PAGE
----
Fame, the original "high school musical," earns a sometimes toe-tapping remake that borrows scenes, situations and character "types" from its 1980 original. But in filtering that gritty, edgy drama about the true costs of pursuing a life in the performing arts through a Disney-fied HSM lens, MGM has rubbed the edges off and scrubbed away all the grit. This Fame is a film without the guts to show Idolized America that, as Debbie Allen so memorably said way back when, "Fame costs, and right here's where you start paying."
There's no hint of the first Fame's struggles with substance abuse and sexuality, struggles that included abortion. Even the darker themes repeated in this film -- eager, talented and beautiful young people preyed upon by would be "producers," record execs and older acting peers -- are tidied up.
OK, fine. New York isn't the town it was back when Alan Parker was making his movie about the hyper-competitive New York High School for the Performing Arts. Times have changed, interracial romance isn't a big deal, nor is "coming out." But you'd think if one was moved to include the stereotypical fey dancer and singer in the mix that you'd differentiate yourself from the bland High School Musical by at least admitting that, yeah, some gay people go into the performing arts, and there's no way you go to a performing arts high school without meeting them. A LOT of them.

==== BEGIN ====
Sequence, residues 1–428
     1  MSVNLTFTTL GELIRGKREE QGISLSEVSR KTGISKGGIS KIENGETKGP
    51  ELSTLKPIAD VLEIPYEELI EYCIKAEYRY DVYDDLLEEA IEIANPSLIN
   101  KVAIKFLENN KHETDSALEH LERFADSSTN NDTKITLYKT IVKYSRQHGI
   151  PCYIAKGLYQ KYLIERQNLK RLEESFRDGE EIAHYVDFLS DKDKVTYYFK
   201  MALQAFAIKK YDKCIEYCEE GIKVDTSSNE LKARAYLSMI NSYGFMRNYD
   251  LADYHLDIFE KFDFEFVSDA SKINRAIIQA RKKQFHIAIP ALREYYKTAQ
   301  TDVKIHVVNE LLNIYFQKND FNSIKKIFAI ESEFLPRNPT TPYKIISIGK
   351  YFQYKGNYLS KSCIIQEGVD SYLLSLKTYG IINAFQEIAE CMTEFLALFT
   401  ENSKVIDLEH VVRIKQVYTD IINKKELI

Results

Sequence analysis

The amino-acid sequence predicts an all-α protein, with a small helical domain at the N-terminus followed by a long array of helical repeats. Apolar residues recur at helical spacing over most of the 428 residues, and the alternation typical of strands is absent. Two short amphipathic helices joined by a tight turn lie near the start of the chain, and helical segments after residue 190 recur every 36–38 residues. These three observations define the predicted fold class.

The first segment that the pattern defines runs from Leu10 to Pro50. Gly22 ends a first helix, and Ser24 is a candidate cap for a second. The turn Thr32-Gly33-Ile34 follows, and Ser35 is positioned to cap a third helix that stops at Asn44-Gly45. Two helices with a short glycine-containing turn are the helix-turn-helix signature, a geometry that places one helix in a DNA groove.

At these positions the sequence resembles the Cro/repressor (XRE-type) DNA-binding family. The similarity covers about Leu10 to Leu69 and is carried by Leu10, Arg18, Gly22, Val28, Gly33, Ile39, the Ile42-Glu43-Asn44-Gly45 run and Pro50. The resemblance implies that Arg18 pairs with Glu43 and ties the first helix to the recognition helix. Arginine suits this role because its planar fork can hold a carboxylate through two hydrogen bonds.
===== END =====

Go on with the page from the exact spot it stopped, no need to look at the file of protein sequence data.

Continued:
Here's what is perfect about this film from a guy who used to do Britney Spears videos (Kevin Tancharoen). The teachers were cast on the nose. Kelsey Grammer? He'd make a perfect music teacher, pushing would-be hip-hop producer Victor (Walter Perez) to stop trying to jazz up the masters.
"The only thing of value you can bring to Bach is your respect."
The great Broadway singer/dancer Bebe Neuwirth (Grammer's Cheers and Frasier co-star) is aptly cast as a dance teacher, and Charles S. Dutton a great choice as the acting teacher trying to instill bravery and "discipline" in his colorless (Kay Panabaker) pupils. Megan Mullally tries to make the thin-voiced teens "feel" "Someone to Watch Over Me," and Debbie Allen has been promoted to principal, presiding over this mob.
"The cafeteria improv scene," in which lunch turns into an anarchic jam session, still thrills. But other scenes replicated don't come off at all.
And the young actors are, to a one, dull. Naturi Naughton of Notorious is an underwritten pianist who really wants to sing, Paul Iacano has the hat and the camcorder but little spark as the would-be filmmaker. Kherington Payne doesn't suggest the passion and focus of a dancer with "tick off mommy and daddy" issues. Collins Pennie makes an impression as the "angry young black man" who needs to learn there's more to acting than pouting.
Fame gives us all four years of lessons learned, careers begun and hopes dashed, and that's just too much to cover with too many characters for this to gel. Quick sketches of characters, quicker sketches of their homelife, don't add to a complete portrait.
And if you're going to censor this material in imitation of The Disney Channel's greatest hit, you'd better fill in the holes with fun. Fame forgets that.
I could totally see this cast of teachers starring in a new TV version of Fame. But if you're just trying to reprise High School Musical, I don't think I'd bother watching it. Fame Two of five starsCast: Naturi Naughton, Asher Book, Kay Panabaker, Paul McGill, Charles S. Dutton, Kelsey Grammer, Debbie Allen, Bebe Neuwirth, Megan MullallyDirector: Kevin TancharoenRunning time: 1 hour 44 minutesIndustry rating: PG for thematic material including teen drinking, a sexual situation and language.Copyright © 2015, Los Angeles Times